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ARTIST FEATURE - Grammy Winner John McEuen and his new album The Newsman!

GEORGIA RADIO - Grammy winner John McEuen will released his new album, TheNewsman, on March 22nd viaCompass Records. And he joined us to talk about it, plus his incredible music career to date.

In an unprecedented move for McEuen,the album is 11 spoken word tracks, all mini movies with his unique style ofmusic behind each one. From the opening title track, which is a true storyabout a man who sold newspapers and was a tremendous influence on the youngmusician in Los Angeles, to the final cut, “Julie’s Theme,” inspired by JulesVerne telling a friend, in a French cemetery, about his recently deceased youngwife, McEuen presents an album filled with stories that will inspire andperhaps bring a tear to your eye.

The different tracks on the album rage from “Killed at theFord,” a Civil War-era poem that tells of the death of a young soldier as heand friends go to meet a picket-guard by a ford. Although no trouble is expected, a shot isfired from the woods and the young man is dead. Poet Henry Wadsworth Longfellowdoesn’t end the poem there, but relates how it affects the young man’s familyat home. “The Cremation of Sam McGee,” one of the most famous poemswritten by Robert Service, was published in 1907. It is told from theperspective of the man who cremates the prospector who froze to death in theYukon while searching for gold.

The Stephen Vincent Benét poem “The Mountain Whippoorwill”was published in 1925. The Nitty Gritty Dirt Band released it on their album“Stars & Striped Forever” in 1974.

“Fly Trouble” is a Hank Williams Sr. classic from 1949, and oneof “talking blues” numbers that McEuen has recited many times over the pastyears.

“Old Rivers” was written by Cliff Crofford andreleased by Walter Brennan in 1963, while Thomas Monroe wrote “Nui Ba Den”while he was in Vietnam in 1968. More recent writings are “Pineapple John” byJohn Carter Cash, Hans Olson’s “I’ll Be Glad When I Run Out Of Gas” andThaddeus Bryant’s “Red Clay.”

“I have been around the world playing music and collectingstories for… a long time,” McEuen acknowledges. “As a teenager, well beforeNitty Gritty Dirt Band, I loved Meredith Wilson’s The Music Man.Before I started playing I must have recited “Ya Got Trouble”2,000times! Later, when performing became part of the life I picked, every now andthen I would do one of these ‘stories’ (often a Hank Williams talking blues) onstage, always happy about how well they went over.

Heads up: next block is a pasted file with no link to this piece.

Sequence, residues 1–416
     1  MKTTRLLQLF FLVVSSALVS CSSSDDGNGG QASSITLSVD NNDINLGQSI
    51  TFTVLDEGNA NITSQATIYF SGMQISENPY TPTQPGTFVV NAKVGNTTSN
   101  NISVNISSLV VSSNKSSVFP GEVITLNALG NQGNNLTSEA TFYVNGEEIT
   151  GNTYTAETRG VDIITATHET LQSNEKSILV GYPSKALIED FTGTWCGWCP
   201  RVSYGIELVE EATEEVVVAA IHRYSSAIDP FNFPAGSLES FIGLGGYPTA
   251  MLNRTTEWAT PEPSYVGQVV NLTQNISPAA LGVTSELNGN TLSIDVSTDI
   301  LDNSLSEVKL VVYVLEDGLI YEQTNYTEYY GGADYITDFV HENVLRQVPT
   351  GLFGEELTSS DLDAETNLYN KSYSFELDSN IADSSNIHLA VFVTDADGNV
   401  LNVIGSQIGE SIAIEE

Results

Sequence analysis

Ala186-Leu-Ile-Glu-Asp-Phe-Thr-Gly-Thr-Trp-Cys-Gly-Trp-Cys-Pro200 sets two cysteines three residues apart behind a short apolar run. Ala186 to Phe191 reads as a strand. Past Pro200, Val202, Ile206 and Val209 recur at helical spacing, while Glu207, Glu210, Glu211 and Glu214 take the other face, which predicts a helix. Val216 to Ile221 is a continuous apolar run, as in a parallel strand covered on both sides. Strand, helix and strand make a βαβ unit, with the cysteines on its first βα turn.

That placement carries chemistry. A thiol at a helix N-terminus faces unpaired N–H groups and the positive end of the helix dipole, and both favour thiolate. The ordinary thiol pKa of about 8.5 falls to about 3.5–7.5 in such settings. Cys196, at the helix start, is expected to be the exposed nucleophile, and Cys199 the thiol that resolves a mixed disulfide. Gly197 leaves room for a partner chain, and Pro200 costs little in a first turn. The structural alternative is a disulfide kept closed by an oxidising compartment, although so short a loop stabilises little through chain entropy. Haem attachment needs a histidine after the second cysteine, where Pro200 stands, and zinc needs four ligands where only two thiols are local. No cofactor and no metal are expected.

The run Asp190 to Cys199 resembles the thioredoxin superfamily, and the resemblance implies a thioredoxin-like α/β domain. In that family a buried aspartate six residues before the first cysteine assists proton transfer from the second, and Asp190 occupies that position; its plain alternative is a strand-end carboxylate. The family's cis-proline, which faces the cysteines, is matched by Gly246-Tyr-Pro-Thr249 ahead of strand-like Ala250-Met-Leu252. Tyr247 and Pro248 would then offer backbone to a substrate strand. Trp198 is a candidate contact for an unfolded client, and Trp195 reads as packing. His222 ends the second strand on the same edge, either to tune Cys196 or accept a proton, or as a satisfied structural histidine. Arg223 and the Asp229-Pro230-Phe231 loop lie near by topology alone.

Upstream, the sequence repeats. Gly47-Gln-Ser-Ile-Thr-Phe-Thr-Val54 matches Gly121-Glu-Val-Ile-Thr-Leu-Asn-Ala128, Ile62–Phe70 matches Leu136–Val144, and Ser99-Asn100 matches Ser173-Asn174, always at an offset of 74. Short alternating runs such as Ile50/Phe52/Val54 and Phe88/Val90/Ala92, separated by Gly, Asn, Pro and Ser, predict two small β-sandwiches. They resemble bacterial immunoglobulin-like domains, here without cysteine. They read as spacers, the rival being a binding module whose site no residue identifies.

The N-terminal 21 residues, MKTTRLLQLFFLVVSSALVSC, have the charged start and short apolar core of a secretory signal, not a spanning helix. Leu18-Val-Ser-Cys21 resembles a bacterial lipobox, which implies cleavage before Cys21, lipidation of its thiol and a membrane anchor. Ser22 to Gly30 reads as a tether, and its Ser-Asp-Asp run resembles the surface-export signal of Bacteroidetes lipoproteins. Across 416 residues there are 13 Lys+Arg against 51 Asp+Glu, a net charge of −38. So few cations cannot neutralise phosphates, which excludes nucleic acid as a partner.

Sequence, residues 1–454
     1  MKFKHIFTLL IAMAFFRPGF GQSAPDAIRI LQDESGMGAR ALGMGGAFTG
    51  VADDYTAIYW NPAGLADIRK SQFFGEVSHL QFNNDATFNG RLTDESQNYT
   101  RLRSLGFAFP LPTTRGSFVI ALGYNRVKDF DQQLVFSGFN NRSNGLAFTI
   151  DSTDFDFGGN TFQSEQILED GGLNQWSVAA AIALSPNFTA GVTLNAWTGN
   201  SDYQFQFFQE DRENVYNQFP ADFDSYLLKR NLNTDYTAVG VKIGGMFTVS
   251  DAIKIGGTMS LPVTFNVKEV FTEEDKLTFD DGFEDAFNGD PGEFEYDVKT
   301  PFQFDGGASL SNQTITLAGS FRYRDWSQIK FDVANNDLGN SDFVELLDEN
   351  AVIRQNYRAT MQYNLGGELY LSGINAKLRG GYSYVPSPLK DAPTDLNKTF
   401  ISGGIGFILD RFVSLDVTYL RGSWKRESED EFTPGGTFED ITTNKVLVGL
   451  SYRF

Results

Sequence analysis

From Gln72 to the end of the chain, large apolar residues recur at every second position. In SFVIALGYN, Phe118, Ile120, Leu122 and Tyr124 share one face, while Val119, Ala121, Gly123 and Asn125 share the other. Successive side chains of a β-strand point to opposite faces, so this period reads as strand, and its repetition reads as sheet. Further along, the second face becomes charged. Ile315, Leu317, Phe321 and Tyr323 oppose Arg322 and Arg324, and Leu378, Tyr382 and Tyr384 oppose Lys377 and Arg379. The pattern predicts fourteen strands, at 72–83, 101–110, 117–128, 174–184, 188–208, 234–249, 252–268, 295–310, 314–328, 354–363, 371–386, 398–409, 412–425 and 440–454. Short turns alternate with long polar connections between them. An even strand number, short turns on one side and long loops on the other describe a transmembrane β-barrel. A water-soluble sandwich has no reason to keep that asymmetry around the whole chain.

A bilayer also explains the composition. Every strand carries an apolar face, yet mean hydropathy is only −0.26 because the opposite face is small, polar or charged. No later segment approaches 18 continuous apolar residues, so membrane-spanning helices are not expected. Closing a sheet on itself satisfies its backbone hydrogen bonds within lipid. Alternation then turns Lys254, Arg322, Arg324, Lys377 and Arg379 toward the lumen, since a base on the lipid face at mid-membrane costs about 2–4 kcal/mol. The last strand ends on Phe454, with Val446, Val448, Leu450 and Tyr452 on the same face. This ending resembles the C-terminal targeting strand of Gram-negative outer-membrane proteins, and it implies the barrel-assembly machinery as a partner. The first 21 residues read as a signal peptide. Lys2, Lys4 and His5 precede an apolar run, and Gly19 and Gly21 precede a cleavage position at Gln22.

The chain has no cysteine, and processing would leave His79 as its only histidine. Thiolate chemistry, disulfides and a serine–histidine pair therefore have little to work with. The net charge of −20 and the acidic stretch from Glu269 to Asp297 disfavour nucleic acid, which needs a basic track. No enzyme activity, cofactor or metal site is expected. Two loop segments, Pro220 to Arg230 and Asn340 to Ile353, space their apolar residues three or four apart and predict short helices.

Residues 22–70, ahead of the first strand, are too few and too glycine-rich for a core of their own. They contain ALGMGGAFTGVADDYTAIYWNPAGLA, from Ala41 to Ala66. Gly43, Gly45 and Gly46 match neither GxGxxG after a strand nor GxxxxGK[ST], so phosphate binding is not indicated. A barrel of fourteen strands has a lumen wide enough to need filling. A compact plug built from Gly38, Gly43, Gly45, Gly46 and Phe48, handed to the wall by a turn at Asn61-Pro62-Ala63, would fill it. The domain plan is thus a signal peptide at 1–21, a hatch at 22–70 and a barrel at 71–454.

“I did The Mountain Whippoorwill for many years with theearly Nitty Gritty Dirt Band. Then, another story would come along, be learned,and ‘filed away’ for a future date. ‘The stories’ soon tired of waiting to ‘getdone’.

“So, I did them.”

McEuen credits work he has done on film scores as a majorinfluence on this album. He especially credits Tommy Lee Jones, who along with SissySpacek starred in “Good Ole Boys,” for which he did the soundtrack.

“At this point of my career, film score work (14 cool scores)gave me the experience of putting background music with words and picture,without getting ‘in the way’ with music,” McEuen says. “I learned from TommyLee Jones, while I was doing a score for him, that when someone says ‘Hey,that’s a great score going on there,’ the music person has failed to supportthe picture. You can’t let the music dominate, it has to support what’shappening.’ So it sometimes is with spoken word. This album is a soundtrack forfilms not yet made.”

McEuen says that watching the Tom Hanks film News of theWorld made him finish this album. “I feel like that character, having toread the news to people who have not yet heard it. And, my first ‘song’, thetitle cut, was about that type of fellow in a way, and hisstory had tobe told.

“I find in this final year of Nitty Gritty Dirt Band, this albumcomes in a good space. That was a great 50-year run for me, and now that it hasrun its course, it’s time for The Newsman!

“I look forward to going out and telling people about those 50years that impacted so many, especially me, playing some new music, andthrowing a few of these stories in along the way.”

McEuen believes these spoken word offerings can fit on radio.“It is my suggestion that programmers add one of these cuts in between othermusic they are playing, finding styles that fit each – as they are eachdifferent. Listening to The Newsman from top to bottom is a lot to askof anyone! I look forward to seeing what people program with various cuts.”



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